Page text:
Siberian Ginseng

Siberian Ginseng

Siberian Ginseng

Common Names

  • Eleuthero
  • Russian ginseng
  • devil's shrub
  • touch-me-not
  • wild pepper
  • shigoka
  • ci wu ja

For Patients & Caregivers

Bottom Line: Siberian ginseng does not enhance athletic performance nor treat or prevent cancer.

Scientists are unsure how Siberian ginseng works. Compounds from the plant have been shown to stimulate cells of immune system and protect the nervous system but no large scale clinical trials have been conducted. Other studies have shown that Siberian ginseng supplements brought down LDL cholesterol (bad cholesterol) levels and improved the HDL (good cholesterol) levels in postmenopausal women. Small studies have shown that Siberian ginseng may reduce knee osteoarthritis pain and symptoms and benefit bone metabolism in post-menopausal women. More research is needed.

  • To reduce the side effects from chemotherapy
    No scientific evidence supports this use.
  • To stimulate the immune system
    Laboratory studies show that Siberian ginseng can stimulate certain aspects of the immune system, but clinical trials have not been conducted.
  • To increase strength and stamina
    Clinical trials do not support this use.
  • To reduce the pain and symptoms of knee osteoarthritis
    One small study showed that Siberian ginseng may reduce the pain and symptoms of knee osteoarthritis. More research is needed.
  • To improve bone metabolism in post-menopausal women
    One small study showed that Siberian ginseng had a beneficial effect on bone metabolism in post-menopausal women. However, further study is needed to confirm this effect.

Bone density
Eight-one post-menopausal Korean women over 65 years of age with osteopenia or osteoporosis were randomly assigned to receive 500 mg/day calcium with or without Siberian ginseng extract. After 6 months the treatment group showed a significant change in levels of the bone markers compared with the control group. However, no significant changes in bone density were observed, possibly due to the short treatment time. Siberian ginseng extract was well-tolerated. The authors concluded that Siberian ginseng extract is safe and may benefit bone health.

  • You are taking digoxin (Eleuthero can elevate the levels of this medication in the blood, which may increase its side effects).
  • Case report: Intracranial hemorrhage was reported in a 53-year-old woman following use of a herbal supplement containing red clover, dong quai, and Siberian ginseng for hot flashes associated with perimenopause. Her symptoms resolved after discontinuing use of the supplement.
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For Healthcare Professionals

Eleutherococcus senticosus, Acanthopanax senticosus

Siberian ginseng is derived from a perennial plant primarily found in Northern Asia. Although it is not a species of ginseng, it is thought to have comparable activities. Siberian ginseng, or eleuthero, has been used traditionally as an adaptogen, performance enhancer, and immunostimulant (2). Active components include eleutherosides and polysaccharides (28).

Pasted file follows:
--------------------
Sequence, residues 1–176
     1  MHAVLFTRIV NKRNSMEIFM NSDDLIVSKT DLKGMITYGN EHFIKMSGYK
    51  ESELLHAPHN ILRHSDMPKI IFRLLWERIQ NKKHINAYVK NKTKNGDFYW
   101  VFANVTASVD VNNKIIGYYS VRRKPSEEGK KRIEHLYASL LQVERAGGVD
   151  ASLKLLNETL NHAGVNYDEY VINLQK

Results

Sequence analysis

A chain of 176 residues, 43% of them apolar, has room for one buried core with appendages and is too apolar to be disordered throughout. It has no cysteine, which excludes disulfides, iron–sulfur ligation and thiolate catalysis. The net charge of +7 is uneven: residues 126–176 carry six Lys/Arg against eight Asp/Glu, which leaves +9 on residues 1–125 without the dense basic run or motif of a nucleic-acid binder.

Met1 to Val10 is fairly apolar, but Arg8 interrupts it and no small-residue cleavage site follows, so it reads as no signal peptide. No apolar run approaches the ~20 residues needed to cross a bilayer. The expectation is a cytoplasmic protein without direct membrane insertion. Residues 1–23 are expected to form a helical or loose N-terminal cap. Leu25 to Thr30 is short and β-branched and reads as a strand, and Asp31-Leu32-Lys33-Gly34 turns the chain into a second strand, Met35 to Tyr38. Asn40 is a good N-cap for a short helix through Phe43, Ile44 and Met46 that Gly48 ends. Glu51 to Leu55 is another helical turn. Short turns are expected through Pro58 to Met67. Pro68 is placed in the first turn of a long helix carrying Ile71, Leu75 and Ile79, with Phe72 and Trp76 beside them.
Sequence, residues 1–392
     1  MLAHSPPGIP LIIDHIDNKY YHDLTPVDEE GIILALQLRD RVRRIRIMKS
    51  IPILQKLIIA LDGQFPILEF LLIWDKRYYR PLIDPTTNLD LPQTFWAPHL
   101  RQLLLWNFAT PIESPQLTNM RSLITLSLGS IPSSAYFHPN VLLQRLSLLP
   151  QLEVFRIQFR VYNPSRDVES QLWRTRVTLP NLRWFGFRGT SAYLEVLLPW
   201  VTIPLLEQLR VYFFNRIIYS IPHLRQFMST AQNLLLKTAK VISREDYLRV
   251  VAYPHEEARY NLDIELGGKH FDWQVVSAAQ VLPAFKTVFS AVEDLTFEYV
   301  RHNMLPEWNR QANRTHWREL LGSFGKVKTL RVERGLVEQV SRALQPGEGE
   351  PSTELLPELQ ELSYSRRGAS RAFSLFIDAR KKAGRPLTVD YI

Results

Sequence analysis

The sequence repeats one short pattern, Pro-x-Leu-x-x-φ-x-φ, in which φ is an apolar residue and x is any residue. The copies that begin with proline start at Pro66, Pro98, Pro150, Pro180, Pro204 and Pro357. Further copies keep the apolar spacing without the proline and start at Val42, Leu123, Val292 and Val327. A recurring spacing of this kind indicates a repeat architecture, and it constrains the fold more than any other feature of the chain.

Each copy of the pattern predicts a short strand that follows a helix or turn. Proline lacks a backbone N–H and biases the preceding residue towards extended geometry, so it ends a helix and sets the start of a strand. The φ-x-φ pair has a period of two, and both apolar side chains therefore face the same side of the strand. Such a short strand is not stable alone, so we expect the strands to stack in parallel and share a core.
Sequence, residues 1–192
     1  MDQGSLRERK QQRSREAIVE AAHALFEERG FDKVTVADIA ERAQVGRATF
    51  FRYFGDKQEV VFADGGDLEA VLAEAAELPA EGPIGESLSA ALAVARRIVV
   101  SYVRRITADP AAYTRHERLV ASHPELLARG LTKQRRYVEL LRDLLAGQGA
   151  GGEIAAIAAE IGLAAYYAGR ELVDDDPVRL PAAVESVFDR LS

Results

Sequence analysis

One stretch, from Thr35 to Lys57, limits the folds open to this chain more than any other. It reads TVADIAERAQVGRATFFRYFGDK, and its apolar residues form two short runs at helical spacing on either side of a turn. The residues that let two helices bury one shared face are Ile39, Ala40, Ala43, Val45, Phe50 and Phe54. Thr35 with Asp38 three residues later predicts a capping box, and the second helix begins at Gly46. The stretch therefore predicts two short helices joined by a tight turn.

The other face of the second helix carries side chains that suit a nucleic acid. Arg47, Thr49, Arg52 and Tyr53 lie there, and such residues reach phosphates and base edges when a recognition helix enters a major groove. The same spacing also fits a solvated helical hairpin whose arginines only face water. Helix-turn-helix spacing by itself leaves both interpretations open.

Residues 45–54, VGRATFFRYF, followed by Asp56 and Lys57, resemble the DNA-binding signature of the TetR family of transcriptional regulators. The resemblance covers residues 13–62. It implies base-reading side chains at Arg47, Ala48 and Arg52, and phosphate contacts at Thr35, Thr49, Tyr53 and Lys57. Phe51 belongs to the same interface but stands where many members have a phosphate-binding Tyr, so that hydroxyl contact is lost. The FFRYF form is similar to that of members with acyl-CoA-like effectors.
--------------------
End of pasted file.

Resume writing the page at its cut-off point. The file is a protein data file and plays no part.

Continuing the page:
In vitro and in vivo studies suggest that Siberian ginseng extracts have neuroprotective effects (8); reduce glucose levels in insulin-deficient animals (9); bind to estrogen, progestin, and mineralocorticoid receptors (10);and stimulate T-lymphocyte and natural killer cell production (11).

A small study of patients with knee osteoarthritis found that an herbal mixture containing Siberian ginseng relieved pain and improved physical function (5).
Siberian ginseng may also improve endurance (27); have beneficial effects on bone remodeling (6) and in managing cholesterol levels in postmenopausal women (7).

  • Chemotherapy side effects
  • Health maintenance
  • Immunostimulation
  • Strength and stamina
  • Terpenoids: Oleanolic acid
  • Glycosides: Eleutheroside A (daucosterin), B1, C - G
  • Phytosterols: Beta-sitosterol
  • Coumarins: Eleutheroside B1 and B3, isofraxidine
  • Polysaccharides: Eleutherans
  • Others: Volatile oils, caffeic acid, coniferyl aldehyde, glucose, maltose, sucrose

In vitro studies indicate that eleuthero contains chemicals that bind to estrogen, progestin, mineralocorticoid, and glucocorticoid receptors (10). In macrophages, a Siberian ginseng extract suppressed LPS-induced iNOS expression and thus nitric oxide production by possibly inhibiting nuclear factor-kappa B activity (15)(16) or Akt and JNK signaling (16), and inhibited reactive oxygen species production (17). Eleutheroside B, eleutheroside E, and isofraxidin — active constituents of Siberian ginseng — showed protective effects against Aβ(25-35)-induced atrophies of axons and dendrites in rat cultured cortical neurons (22). Isofraxidin also inhibited cell invasion and the expression of matrix metalloproteinase-7 by human hepatoma cell lines HuH-7 and Hep G-2, possibly through the inhibition of ERK1/2 phosphorylation (18).
In animal studies, eleuthero root bark was shown to exhibit neuroprotective effects against global cerebral ischemia with recovery of spatial memory in rats, possibly through anti-inflammatory mechanisms of inhibition of COX-2 expression, microglia and astrocyte expression (23). Eleutherosides restored behavioral and biochemical alterations in mice with sleep deprivation (24), and alleviated both physical and mental fatigue in mice possibly due to increased fat utilization, delayed accumulation of blood urea nitrogen, and increased lactate dehydrogenase (25). Eleutheroside also  mediates the hyperglycemic effects of Siberian ginseng by regulating insulin signaling and glucose utilization (29).
In other studies, a Siberian ginseng extract decreased cadmium concentration in the blood and liver of mice as well as cadmium-induced mitotic and apoptotic activity of liver cells (26). Supplementation with Siberian ginseng reduced LDL cholesterol levels and improved LDL/HDL ratios in postmenopausal women (7).